Fast Followers: A Roadmap for the DoD’s Adoption of Electric Military Vehicles

 In Proving Ground

Major shifts are occurring in the electric vehicles market due to growing government and industry investment. Transportation – and ground vehicles, in particular – has become a focal point for the broader electrification discussion due to the large carbon footprint that automobiles represent and the rising consumer embrace of electric vehicles (EVs) from manufacturers like Tesla and General Motors. In defense markets, attention has turned to electric military vehicles.

In line with these trends and benefitting from the Biden Administration’s focus on renewable energy, the US Government has begun considering how to implement electrification.

Behind only the US Postal Service (USPS), which has selected an EV from Oshkosh as a portion of its next generation mail carrier fleet, the Department of Defense fields the second-largest Federal vehicle base.

DoD must prepare to take advantage of electrification opportunities and outline a clear electric military vehicles adoption strategy or face serious consequences for force readiness.

We recommend DoD develop a roadmap for adopting electric military vehicles, including consideration of different EV archetypes: hybrid electric vehicles (HEVs) as well as fully electric plug-in electric vehicles (PEVs), and battery electric vehicles (BEVs).

EV Technology Maturation

Commercial EV technology has made great advances in recent years, evidenced by the proliferation of Tesla and other EVs. In 2019, EVs and HEVs were ~4% of total US personal vehicle sales, up from ~2.3% in 2011.

Nevertheless, challenges remain, particularly in the realm of batteries. One issue is vehicle range: across popular EV offerings (from Tesla, Chevrolet, and Nissan), battery capacities do not yet support ranges exceeding 400 miles.

This range can certainly work in some cases (e.g., last-mile delivery, urban commuting), but is impractical over longer distances, especially given that charging times for EVs are currently measured in hours—usually overnight—not minutes, like stops at a gas station.

Two other salient issues – both of which industry is actively addressing – are battery costs and weights. Currently, according to Avascent analysis, the battery in an EV costs roughly 40% of the entire vehicle’s MSRP, in the case of battery replacements for the popular Chevrolet Bolt. However, battery costs are estimated to fall significantly (by up to 30%) by 2023 as producers like Tesla and GM begin mass-producing new battery technologies.

More advanced batteries should also help tackle the challenge of battery weight. As batteries get larger, they become less efficient. This issue is being addressed by advances like GM’s Ultium battery, which uses less cobalt, and by “right-sizing” batteries to their specific applications. For DoD, right-sizing might include limiting battery sizes for base operation-focused electric military vehicles, where operating ranges – and therefore kilowatts needed – are lower.

Even with these well-known EV issues, industry is pursuing EVs wholeheartedly, and private consumers are adopting them at higher rates. Amid these trends, DoD should be constantly measuring industry’s EV capabilities and taking advantage of investments from some of its most trusted partners (e.g., Oshkosh, Mack, GM Defense, Navistar).

If DoD continues to procure ICE-powered vehicles while waiting for the “perfect” time to switch to EVs, the government, and the taxpayer, will end up paying too much to operate these ICE vehicles over their lifecycles.

Cost Considerations of Electric Military Vehicles

There is no question that, for the time being, EVs are more expensive to acquire than ICE-driven ground vehicles. However, if procurement officials include lifecycle costs in their calculations, that balance may shift, since EVs have lower sustainment costs.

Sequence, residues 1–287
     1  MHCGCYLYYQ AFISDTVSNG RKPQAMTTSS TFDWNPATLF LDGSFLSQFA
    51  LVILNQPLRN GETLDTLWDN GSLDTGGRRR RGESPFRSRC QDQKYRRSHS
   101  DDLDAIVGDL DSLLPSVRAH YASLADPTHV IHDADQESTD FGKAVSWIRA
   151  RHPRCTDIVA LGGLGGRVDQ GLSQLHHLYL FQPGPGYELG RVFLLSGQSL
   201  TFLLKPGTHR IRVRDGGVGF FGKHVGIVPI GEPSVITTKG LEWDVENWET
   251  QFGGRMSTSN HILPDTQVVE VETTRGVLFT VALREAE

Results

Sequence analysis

For example, recent analyses of EV and ICE-driven busses estimated that, after only 12 years of operation, EV busses became cheaper than their traditional counterparts.

Although this research may be optimistic, lower operating costs, along with acquisition costs that will continue to fall, mean that over time, the lifecycle cost-savings of electric military vehicles will outweigh their upfront cost increases.

For DoD, which frequently upgrades vehicles and extends lifecycles, EVs may be markedly cheaper than ICE-powered vehicles once vehicles enter the 30-year (High Mobility Multipurpose Wheeled Vehicle) or 40-year (Amphibious Assault Vehicle) lifecycle range, even with regularly scheduled upgrades and new baseline variants.

This issue will vary for each fleet of electric military vehicles and should be studied by program executive offices (PEOs) responsible for next-generation acquisitions to ensure that DoD is making informed procurement decisions.

Military Electrification Applications

DoD has faced many obstacles to wholesale modernization of major vehicle fleets. It has struggled to match requirements with affordable technology and faced skepticism from Congress while sustaining ongoing operations, which limits its ability to shift quickly to new concepts and designs.

However, electric military vehicles pose significant lifecycle cost-savings and fit into the federal government’s broader push to align policy in a climate-protective stance.

These factors create a worthwhile – and potentially necessary – opportunity for the military to consider electrification applications and prepare for a future in which technology ROI is much harder to guarantee.

Case: Ground Robotics

Current DoD priorities that would benefit immediately from a broad strategy roadmap include manned-unmanned teaming (MUM-T) with battery-powered ground-based robots and the US Army’s Small Multipurpose Equipment Transport (S-MET) vehicle.

While MUM-T has been most prominently used with airborne drones, DoD has gradually warmed to the idea that it can be used to ease the burden of the soldiers on the ground.

Leveraging lessons learned from the USMC’s Expeditionary Modular Autonomous Vehicle, the Army began testing a prototype Robotic Combat Vehicle – Light (RCV-L) in February 2021.

One of the RCV-L’s key features is a hybrid-diesel generator that can power silent watch and some stealth capabilities, limiting detection from advanced enemy forces.

The S-MET, a support “mule” for the Army, also an HEV, can generate power at 3 kilowatts of stationary power and 1 kilowatt while moving.